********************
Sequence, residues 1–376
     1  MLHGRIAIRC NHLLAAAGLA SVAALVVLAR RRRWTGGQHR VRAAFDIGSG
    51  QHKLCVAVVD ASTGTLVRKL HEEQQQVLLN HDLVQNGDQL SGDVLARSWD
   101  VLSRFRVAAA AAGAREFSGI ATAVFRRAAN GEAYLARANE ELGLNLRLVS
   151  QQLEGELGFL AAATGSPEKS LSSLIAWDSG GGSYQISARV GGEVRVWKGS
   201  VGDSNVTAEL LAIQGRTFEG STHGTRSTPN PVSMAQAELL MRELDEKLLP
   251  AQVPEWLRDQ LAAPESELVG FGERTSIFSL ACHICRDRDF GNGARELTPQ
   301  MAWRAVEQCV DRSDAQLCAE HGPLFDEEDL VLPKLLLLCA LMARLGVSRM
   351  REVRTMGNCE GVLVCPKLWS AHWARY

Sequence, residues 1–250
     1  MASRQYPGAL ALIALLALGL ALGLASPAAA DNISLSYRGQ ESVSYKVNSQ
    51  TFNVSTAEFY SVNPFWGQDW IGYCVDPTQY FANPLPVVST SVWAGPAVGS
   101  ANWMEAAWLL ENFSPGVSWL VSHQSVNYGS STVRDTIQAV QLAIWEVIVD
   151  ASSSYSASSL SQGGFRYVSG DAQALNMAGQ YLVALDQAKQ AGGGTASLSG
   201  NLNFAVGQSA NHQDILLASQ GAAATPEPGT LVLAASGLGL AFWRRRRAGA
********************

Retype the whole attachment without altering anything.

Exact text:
Sequence, residues 1–376
     1  MLHGRIAIRC NHLLAAAGLA SVAALVVLAR RRRWTGGQHR VRAAFDIGSG
    51  QHKLCVAVVD ASTGTLVRKL HEEQQQVLLN HDLVQNGDQL SGDVLARSWD
   101  VLSRFRVAAA AAGAREFSGI ATAVFRRAAN GEAYLARANE ELGLNLRLVS
   151  QQLEGELGFL AAATGSPEKS LSSLIAWDSG GGSYQISARV GGEVRVWKGS
   201  VGDSNVTAEL LAIQGRTFEG STHGTRSTPN PVSMAQAELL MRELDEKLLP
   251  AQVPEWLRDQ LAAPESELVG FGERTSIFSL ACHICRDRDF GNGARELTPQ
   301  MAWRAVEQCV DRSDAQLCAE HGPLFDEEDL VLPKLLLLCA LMARLGVSRM
   351  REVRTMGNCE GVLVCPKLWS AHWARY

Sequence, residues 1–250
     1  MASRQYPGAL ALIALLALGL ALGLASPAAA DNISLSYRGQ ESVSYKVNSQ
    51  TFNVSTAEFY SVNPFWGQDW IGYCVDPTQY FANPLPVVST SVWAGPAVGS
   101  ANWMEAAWLL ENFSPGVSWL VSHQSVNYGS STVRDTIQAV QLAIWEVIVD
   151  ASSSYSASSL SQGGFRYVSG DAQALNMAGQ YLVALDQAKQ AGGGTASLSG
   201  NLNFAVGQSA NHQDILLASQ GAAATPEPGT LVLAASGLGL AFWRRRRAGA